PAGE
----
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Fibropapillomatosis

While diseases can spread to just about any animal, Green Turtles, as well as some Loggerhead and Olive Ridley, are facing a whole different threat - fibropapillomatosis tumors. The first reporting of the fibropapillomatosis tumors in green sea turtles was in the Florida Keys in the 1938. While this is not a new issue, it is a growing one. Since then, more and more green sea turtles are being found with these tumors on their body - some are unaffected and only have small tumors, while others have larger ones that affect their senses and ability to swim.

Scientists and biologists have not found a solid, clear answer as to why these green sea turtles are being found with fibropapillomatosis tumors, but it has been said that pollution may be a leading reason as to why their numbers are increasing. 

In a 2014, Duke University, the University of Hawaii, and NOAA, conducted a study on what is causing an increase in the fibropapillomatosis disease in green sea turtles off of Hawaii. They discovered a link between waters with higher nitrogen levels and green sea turtles with this disease. Urban and farm runoff in Hawaii along with increasing ocean temperatures was found to be the result of more green sea turtles with this disease.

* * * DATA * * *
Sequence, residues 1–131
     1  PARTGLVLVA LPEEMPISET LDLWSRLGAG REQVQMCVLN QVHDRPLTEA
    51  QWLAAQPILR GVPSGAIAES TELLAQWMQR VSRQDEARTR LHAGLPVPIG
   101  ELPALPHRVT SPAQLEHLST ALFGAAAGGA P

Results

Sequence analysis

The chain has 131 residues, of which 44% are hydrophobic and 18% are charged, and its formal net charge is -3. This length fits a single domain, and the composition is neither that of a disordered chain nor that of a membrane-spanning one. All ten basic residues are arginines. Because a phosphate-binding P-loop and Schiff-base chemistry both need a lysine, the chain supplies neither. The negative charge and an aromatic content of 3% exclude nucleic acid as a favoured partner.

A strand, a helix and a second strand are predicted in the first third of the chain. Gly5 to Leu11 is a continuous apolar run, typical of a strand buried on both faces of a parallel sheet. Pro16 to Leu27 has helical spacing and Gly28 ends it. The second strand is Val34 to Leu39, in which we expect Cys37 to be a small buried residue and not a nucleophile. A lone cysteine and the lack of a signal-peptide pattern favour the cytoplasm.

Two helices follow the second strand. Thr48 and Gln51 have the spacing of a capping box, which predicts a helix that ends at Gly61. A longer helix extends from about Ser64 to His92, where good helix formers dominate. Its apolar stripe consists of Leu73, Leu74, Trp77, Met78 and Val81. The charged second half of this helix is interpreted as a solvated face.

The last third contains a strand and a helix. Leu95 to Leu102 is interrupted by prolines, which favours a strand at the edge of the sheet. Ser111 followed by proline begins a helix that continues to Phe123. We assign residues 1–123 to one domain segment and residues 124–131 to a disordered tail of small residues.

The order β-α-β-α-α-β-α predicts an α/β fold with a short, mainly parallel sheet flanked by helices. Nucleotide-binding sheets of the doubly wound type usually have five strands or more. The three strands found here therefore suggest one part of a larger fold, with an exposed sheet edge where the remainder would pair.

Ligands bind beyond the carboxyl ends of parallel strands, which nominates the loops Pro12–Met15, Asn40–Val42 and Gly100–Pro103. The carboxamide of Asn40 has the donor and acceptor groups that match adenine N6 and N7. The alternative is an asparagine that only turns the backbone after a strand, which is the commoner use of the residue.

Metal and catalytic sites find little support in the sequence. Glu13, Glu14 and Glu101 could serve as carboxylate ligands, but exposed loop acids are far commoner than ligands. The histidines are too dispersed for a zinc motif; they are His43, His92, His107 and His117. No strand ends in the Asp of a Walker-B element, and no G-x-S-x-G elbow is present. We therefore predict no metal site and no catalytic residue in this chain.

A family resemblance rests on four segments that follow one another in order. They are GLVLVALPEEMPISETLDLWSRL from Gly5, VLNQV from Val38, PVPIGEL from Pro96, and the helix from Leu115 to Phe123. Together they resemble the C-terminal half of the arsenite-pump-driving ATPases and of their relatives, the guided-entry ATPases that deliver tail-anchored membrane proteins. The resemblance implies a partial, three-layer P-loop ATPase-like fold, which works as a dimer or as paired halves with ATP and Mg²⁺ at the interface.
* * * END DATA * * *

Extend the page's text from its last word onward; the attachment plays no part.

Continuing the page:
Although there are increasing reportings of sea turtles with theses tumors, places such as Gumbo Limbo and The Sea Turtle Hospital at Whitney Lab  accept these turtles and surgically remove their tumors. Post surgery, the survival rate of green sea turtles is extremely high at 90%. 

Further research is being done so that scientists can fully understand what is causing these tumors and how they can be avoided in the future to ensure that all sea turtles live a happy and healthy life!

 


Delicia Pop
Delicia Pop

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